This volume unites spelling and word recognition -- two areas that have largely remained theoretically and empirically distinct. Despite considerable advances in the investigation of processes underlying word perception and the acknowledgement of the seminal importance of lexical access in the reading and writing processes, to date the development and functioning of orthographic knowledge across both encoding and decoding contexts has rarely been explored.
The book begins to fill this void by offering a coherent and unified articulation of the perceptual, linguistic, and cognitive features that characterize an individual's advancing word/orthographic knowledge, providing evidence for a common knowledge base underlying spelling in writing and word recognition in reading. From a developmental perspective, the studies and syntheses presented in this volume blend insights from psychology and language study with those from clinical and classroom observations. These insights help explain how individuals, from preschool through adolescence, develop knowledge of the orthographic system underlying word structure in English and how they apply this knowledge in actual writing and reading contexts. Implications are drawn for the assessment and teaching of spelling, vocabulary, and word analysis from primary through middle grades.
"…many of these chapters report more than one study, with the conclusions of one leading the author to another. Such follow-through presents an excellent model to future scholars, making this text important for doctoral students in language and literacy….I recommend this book to those studying emerging literacy (especially invented spelling) and disabled readers' ability to learn to read words."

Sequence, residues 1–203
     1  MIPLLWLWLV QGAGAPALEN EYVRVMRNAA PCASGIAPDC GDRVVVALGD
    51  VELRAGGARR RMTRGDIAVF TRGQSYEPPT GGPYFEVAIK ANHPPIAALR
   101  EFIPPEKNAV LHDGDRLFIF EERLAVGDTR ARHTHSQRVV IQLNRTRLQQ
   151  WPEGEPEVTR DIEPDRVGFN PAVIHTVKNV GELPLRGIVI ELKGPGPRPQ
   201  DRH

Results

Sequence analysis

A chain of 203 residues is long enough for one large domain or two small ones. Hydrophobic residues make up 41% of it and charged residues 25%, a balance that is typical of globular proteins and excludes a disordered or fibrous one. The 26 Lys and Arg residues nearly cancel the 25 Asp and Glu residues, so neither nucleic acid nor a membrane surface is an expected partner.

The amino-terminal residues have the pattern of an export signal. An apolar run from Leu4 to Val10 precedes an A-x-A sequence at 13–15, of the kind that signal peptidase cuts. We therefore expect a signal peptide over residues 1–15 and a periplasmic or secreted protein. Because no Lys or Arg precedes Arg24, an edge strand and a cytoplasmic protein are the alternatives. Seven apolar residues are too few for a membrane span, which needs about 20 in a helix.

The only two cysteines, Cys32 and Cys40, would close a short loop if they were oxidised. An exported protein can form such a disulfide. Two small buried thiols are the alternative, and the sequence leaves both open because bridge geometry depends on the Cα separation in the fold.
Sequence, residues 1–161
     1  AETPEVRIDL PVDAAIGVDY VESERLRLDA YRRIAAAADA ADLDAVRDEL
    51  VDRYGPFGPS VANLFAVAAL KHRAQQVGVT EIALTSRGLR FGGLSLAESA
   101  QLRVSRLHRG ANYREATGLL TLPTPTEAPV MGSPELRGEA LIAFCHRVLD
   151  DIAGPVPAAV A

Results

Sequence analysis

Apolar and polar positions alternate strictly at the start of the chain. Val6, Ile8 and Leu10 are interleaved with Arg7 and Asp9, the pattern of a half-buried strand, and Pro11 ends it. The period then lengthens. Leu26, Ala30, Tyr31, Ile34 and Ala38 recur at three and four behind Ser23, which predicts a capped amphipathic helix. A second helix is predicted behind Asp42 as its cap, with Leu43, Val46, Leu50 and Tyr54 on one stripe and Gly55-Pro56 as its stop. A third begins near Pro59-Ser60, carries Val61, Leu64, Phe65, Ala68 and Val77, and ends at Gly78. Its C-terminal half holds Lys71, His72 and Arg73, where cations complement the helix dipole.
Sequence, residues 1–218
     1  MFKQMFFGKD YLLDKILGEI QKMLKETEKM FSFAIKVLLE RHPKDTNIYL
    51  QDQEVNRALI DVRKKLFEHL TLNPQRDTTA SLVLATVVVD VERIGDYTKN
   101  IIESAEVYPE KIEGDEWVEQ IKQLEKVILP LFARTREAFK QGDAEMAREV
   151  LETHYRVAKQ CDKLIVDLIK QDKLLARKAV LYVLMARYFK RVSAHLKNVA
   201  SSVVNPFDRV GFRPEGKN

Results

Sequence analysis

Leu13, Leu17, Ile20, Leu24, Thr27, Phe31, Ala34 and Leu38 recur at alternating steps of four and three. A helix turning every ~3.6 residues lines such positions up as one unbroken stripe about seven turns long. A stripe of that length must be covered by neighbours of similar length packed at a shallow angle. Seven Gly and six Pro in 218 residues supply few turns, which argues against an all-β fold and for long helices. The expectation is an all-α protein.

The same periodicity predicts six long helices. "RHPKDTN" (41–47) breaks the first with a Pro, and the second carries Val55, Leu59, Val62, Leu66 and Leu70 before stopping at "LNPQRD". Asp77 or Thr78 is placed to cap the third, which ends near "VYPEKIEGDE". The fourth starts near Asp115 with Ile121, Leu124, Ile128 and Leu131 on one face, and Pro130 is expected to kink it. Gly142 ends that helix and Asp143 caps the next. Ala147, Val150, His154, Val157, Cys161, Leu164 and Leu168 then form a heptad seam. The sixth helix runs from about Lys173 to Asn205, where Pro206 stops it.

—Journal of Reading
"Virtually every chapter of this book begins, at least implicitly, with substantial observations from the classroom or clinic, and ends with inferences for teaching and intervention….This grounding in the real world recommends the book to those who train teachers and plan curricula, but it is also important to psychologists, at least those who would like their work to stay in contact with what really happens in schools, reading clinics, and homes every day."
—American Journal of Psychology
Contents: J. Deese, Foreword. E.H. Henderson, The Interface of Lexical Competence and Knowledge of Written Words. R.C. Schlagal, Patterns of Orthographic Development into the Intermediate Grades. D. Morris, Concept of Word: A Pivotal Understanding in the Learning-to-Read Process. J.T. Gill, The Relationship Between Word Recognition and Spelling. M.A. Invernizzi, The Vowel and What Follows: A Phonological Frame of Orthographic Analysis. D.R. Bear, The Prosody of Oral Reading and Stages of Word Knowledge. W.G.W. Barnes, The Developmental Acquisition of Silent Letters in Orthographic Images. J. Zutell, An Integrated View of Word Knowledge: Correlational Studies of the Relationships Among Spelling, Reading, and Conceptual Development. C.S. Beers, J.W. Beers, Children's Spelling of English Inflectional Morphology. S. Templeton, Theory, Nature, and Pedagogy of Higher-Order Orthographic Development in Older Students. M.P. Abouzeid, Stages of Word Knowledge in Reading Disabled Children. L.C. Ehri, Review and Commentary: Stages of Spelling Development. S. Templeton, D.R. Bear, A Summary and Synthesis: "Teaching the Lexicon to Read and Spell". F. Vellutino, Afterword.